From 1987 to 1991, the US Army Corps of Engineers Construction Engineering Research Laboratory (CERL) and the Pacific Division, Naval Facilities Engineering Command (PACDIV) studied, designed, implemented, and evaluated a watershed rehabilitation plan. This project was intended to develop effective and economical methods for land reclamation and revegetation on Kaho`olawe without supplemental watering. The project team planted buffelgrass, Bermuda grass, weeping lovegrass, annual ryegrass, milo, sorghum, and wheat.
The Protect Kaho`olawe `Ohana
(PKO) made numerous coastal plantings with varying success, starting with its
earliest occupations in 1976. In 1987, PKO successfully lobbied the
state’s Department of Land and Natural Resources (DLNR) to do a study of the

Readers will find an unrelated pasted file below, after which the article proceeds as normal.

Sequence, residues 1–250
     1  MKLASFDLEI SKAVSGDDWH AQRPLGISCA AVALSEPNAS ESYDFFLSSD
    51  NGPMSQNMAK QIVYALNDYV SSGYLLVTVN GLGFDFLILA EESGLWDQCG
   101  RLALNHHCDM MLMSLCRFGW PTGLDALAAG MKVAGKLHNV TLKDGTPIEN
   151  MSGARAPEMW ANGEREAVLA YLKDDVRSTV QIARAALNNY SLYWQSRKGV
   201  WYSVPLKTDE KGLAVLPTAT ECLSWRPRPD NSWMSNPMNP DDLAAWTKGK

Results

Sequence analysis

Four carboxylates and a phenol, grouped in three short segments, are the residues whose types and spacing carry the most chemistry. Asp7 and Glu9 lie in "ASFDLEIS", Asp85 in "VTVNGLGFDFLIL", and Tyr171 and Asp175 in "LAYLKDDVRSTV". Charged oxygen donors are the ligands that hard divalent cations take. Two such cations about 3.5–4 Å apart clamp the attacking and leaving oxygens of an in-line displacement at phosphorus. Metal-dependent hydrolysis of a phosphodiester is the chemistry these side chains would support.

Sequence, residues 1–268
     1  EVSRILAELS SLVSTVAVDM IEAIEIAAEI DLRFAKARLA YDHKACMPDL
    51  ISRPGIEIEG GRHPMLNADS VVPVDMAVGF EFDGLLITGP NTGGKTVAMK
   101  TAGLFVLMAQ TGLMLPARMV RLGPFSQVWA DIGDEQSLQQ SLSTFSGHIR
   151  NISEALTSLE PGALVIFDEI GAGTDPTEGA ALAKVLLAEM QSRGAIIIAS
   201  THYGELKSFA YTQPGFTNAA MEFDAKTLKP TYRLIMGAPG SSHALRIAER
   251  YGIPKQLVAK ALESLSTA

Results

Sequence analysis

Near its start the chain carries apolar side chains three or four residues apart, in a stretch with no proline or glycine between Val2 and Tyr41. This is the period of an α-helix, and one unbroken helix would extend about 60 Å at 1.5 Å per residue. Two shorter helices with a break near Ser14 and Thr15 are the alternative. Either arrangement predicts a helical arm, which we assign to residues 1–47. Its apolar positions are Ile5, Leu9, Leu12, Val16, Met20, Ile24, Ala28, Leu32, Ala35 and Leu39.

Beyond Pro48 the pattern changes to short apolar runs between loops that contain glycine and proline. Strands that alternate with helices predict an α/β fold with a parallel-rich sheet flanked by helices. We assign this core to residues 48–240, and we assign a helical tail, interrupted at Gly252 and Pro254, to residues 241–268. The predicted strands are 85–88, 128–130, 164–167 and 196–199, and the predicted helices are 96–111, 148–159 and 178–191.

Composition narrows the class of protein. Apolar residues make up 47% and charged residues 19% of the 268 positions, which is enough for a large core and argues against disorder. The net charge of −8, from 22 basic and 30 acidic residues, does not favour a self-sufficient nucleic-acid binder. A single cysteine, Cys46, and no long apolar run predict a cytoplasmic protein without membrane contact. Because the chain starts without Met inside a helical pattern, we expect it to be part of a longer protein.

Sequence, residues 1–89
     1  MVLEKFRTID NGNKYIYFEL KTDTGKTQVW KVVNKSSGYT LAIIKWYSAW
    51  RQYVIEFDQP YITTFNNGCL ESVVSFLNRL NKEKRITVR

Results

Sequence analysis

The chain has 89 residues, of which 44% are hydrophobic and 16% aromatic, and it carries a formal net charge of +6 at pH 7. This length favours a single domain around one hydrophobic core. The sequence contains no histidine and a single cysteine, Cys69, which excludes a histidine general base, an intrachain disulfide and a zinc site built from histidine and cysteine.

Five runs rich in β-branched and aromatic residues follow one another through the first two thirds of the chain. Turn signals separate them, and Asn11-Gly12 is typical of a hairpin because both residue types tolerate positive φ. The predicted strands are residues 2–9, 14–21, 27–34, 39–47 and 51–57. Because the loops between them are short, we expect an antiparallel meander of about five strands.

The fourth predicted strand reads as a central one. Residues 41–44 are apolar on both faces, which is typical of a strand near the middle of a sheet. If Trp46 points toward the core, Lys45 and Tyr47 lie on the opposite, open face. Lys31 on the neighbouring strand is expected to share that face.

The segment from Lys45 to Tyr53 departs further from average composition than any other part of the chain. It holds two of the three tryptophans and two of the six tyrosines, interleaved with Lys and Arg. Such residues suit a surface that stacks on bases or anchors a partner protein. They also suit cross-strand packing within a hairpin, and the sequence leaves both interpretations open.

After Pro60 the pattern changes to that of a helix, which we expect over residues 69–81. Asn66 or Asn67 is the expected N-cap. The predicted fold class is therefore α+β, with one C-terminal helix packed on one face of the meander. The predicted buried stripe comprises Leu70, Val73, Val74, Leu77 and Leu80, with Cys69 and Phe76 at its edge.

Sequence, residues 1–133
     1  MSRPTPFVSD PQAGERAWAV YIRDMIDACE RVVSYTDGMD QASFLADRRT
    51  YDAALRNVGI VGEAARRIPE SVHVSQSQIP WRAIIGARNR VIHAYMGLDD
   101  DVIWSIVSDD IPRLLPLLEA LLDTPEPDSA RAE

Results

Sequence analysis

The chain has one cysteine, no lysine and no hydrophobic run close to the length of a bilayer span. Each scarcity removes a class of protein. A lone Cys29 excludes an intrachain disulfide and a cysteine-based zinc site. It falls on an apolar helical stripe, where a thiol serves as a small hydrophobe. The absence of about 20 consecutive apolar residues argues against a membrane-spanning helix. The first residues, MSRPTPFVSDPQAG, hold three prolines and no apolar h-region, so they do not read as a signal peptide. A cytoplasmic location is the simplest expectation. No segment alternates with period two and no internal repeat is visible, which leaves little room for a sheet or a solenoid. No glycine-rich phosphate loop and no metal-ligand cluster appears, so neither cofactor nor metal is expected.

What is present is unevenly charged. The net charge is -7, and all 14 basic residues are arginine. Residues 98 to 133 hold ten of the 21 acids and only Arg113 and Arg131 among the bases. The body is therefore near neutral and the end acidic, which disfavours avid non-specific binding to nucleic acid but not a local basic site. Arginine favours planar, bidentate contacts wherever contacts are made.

island’s water resources. As part of the study, PKO entered into a
cooperative agreement with the United States Geological Service to measure
stream flow and basal groundwater, to conduct electrical resistivity tests,
and to analyze the island’s watersheds, surface runoff, and erosion
problems. Soil control structures (e.g., checkdams) and vegetation were
investigated as a means to reduce erosion and heal the island. PKO
successfully secured a $250,000 grant-in-aid from the Hawai`i State
Legislature in 1989, and has continued with small-scale water catchment,
erosion control, and revegetation projects in the Hakioawa watershed.
The Nitrogen-Fixing Tropical Agricultural Legumes (NiFTAL) Project studied microbial and mineral constraints to reestablishing wiliwili in the eroded soils on Kaho`olawe. The project ran between 1989 and 1991.